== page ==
The orchestra was initially a little unsettled but rapidly moved into top gear and under Kent Nagano gave an ebullient rendering of the score.  Especially noteworthy was the beautiful oboe playing in the second theme of the first movement.  Mention should also be made of the haunting oboe melody in the Adagio slow movement accompanied with pizzicato by the strings.   

Next on the program was Paul Dukas's symphonic poem, The Sorcerers Apprentice based on a ballad by the great German writer Johann Wolfgang von Goethe.  Lecturer Michael Wolpe pointed out that Dukas was Jewish and that his oeuvre was very small.  He was so highly self- critical that he destroyed many of his compositions. 

The Sorcerer's Apprentice is Dukas's best known composition and relates how in the sorcerer's absence his apprentice attempts to emulate his master and persuades a broomstick to carry buckets of water for him. The situation rapidly gets out of control since the broom brings in so many buckets that the house is flooded.  The apprentice chops the broom in half with an axe but to his horror both pieces come to life and continue to fetch water at an even greater pace.  Eventually the sorcerer returns to this chaos and breaks the spell.

This work was popularized by Walt Disney in his famous animated 1940 movie Fantasia.  It was Mickey Mouse who took the role of the apprentice.  Kent Nagano did a masterful job highlighting the virtuosity of the IPO.  There were superb contributions by trumpets, bassoons, bass clarinet and percussion. 

The real pièce de résistance of the concert was a performance of Tchaikovsky's ever popular first piano concerto.  After completing the concerto, Tchaikovsky approached the Russian pianist and conductor, Nikolai Rubinstein to premiere the work.  He also played it for Rubinstein.  What followed was one of the most famous confrontations in the annals of music.   According to Tchaikovsky's own written account, Rubenstein said "the concerto was worthless and unplayable; passages were so fragmented, so clumsy, so badly written that they were beyond rescue ......" Rubinstein added that if the concerto was completely revised according to his demands, then he would play it.  Tchaikovsky replied that he would not "alter a single note" and approached German pianist Hans von Bülow who premiered the original version in Boston.  The rest is history.  Rubinstein subsequently revised his opinion, became an ardent admirer of the work and conducted its Moscow premiere.

The soloist in the performance in Jerusalem was pianist Daniil Trifonov, who won 3rd prize in the International Chopin Competition in Warsaw in 2010 and the following year first prize in the Arthur Rubinstein Competition in Tel Aviv and the International Tchaikovsky Competition in Moscow.    

Trifoniv pays on a Fazioli piano.  The Italian company manufacturing these pianos was established in 1981 and a little over 100 hand built pianos are produced annually.  Many established pianists have expressed their preference for these instruments and an increasing number use these Italian pianos in concert performances.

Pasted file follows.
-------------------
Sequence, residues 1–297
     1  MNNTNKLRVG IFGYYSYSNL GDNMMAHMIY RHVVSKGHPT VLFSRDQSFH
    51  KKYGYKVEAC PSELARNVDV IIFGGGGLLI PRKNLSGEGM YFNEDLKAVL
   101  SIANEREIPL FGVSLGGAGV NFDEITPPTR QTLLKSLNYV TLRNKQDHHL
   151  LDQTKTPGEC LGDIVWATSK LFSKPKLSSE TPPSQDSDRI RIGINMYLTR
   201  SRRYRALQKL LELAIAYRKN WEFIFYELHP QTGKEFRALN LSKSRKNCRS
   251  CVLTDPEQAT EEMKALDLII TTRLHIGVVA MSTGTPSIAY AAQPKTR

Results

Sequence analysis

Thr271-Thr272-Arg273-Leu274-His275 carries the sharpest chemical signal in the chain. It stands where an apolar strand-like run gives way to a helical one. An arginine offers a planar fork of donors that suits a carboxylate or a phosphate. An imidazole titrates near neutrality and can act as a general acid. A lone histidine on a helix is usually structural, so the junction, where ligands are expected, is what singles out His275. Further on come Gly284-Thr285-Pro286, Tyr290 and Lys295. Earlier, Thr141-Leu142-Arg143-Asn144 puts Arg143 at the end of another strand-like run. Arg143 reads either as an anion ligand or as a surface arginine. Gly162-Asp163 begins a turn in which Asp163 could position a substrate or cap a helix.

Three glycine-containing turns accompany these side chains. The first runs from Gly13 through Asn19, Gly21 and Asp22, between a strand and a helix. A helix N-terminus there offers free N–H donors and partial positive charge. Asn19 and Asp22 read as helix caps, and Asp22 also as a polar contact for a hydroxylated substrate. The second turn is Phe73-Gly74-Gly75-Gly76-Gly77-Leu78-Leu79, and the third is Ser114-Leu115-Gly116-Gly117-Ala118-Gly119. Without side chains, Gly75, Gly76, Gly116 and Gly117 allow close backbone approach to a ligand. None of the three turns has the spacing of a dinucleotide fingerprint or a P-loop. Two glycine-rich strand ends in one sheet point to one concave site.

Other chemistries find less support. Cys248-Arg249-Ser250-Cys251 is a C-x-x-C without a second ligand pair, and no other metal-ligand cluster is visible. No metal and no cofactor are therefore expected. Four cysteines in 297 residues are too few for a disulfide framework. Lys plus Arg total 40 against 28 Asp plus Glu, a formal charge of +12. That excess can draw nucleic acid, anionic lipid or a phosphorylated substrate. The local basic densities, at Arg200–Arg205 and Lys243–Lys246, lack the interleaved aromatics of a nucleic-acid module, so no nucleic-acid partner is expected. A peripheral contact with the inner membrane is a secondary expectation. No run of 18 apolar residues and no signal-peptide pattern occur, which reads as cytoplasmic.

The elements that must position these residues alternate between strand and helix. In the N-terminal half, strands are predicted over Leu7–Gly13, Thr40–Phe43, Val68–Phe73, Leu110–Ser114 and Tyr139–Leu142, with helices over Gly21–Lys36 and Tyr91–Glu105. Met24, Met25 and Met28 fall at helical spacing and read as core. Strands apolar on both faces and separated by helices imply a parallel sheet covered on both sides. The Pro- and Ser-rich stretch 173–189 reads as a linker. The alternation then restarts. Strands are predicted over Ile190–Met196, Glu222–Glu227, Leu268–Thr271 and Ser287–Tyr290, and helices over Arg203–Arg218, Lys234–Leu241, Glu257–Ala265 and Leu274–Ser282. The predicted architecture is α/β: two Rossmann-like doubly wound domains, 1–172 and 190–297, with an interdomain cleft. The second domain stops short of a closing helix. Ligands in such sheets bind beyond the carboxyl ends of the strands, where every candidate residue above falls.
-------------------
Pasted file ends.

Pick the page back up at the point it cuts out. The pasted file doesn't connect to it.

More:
Crouching over the piano, Trifonov gave a dazzling, impeccable, authoritative and majestic account of this ever popular war horse.  This was not only a flashy virtuosic display but a deeply probing account where he succeeded in capturing the subtle nuances of this score.  I would like to hear this prodigiously gifted pianist in the non-romantic classical repertory to see if his unique talents also extend to this genre.  As an encore, Trifonov gave a scintillating account of Chopin's "Grande valse brillante" Op. 18 in E-Flat.

-The article was originally published in part in Esra Magazine, Issue 176, September 2014

Ravenna Festival


A great historic site for a memorable music festival

Ravenna, a city in Northern Italy situated just off the Adriatic Coast has a unique and unmatched collection of Byzantine Mosaics.  Because of this treasure trove, Ravenna boasts eight UNESCO World Heritage sites and is a strong candidate to be selected as the European city of Culture in 2019.

This jewel of a city also hosts an annual musical festival.  This year, the Czech Philharmonic Orchestra was one of the visiting ensembles.  They were conducted by the incomparable Valery Gergiev.  The piano soloist was Yeol Eum Son, an extraordinary South Korean virtuoso.  She gave a scintillating account of Rachmaninov's second piano concerto, her playing being characterised by rich and varying coloring.  The power emanating from the petite pianist in the fortissimo passages of this romantic piano concerto was formidable.  

fig 1Gergiev.jpg

Czech Philharmonic Orchestra with Valery Gergiev (Conductor) and Yeol Eum Son (pianist) © Maurizio Montanari

Two other Russian works rounded out the program.  A suite from Tchaikovsky's Swan Lake and Mussorgsky's Pictures at an Exhibition.  The orchestral concert was held in the Palazzo Mauro de André, a large covered sports stadium.  I was sceptical about the acoustics.  Whilst certainly not perfect they were adequate.  Even the brass and percussion sections in The Great Gate of Kiev, from Pictures at an Exhibition sounded impressive.    Gergiev coaxed from the orchestra all the intricate inner details of the work.  The lovely lush warm string playing characteristic of great central European orchestras was much in evidence.

Many of the concerts at the annual Ravenna festival feature The Luigi Cherubini Youth Orchestra, named after the Italian composer Luigi Cherubini.  The orchestra was founded in 2004 by the conductor Riccardo Muti who is its musical director.  The orchestral members whose ages range from 18 to 27 years come from all over the European Union.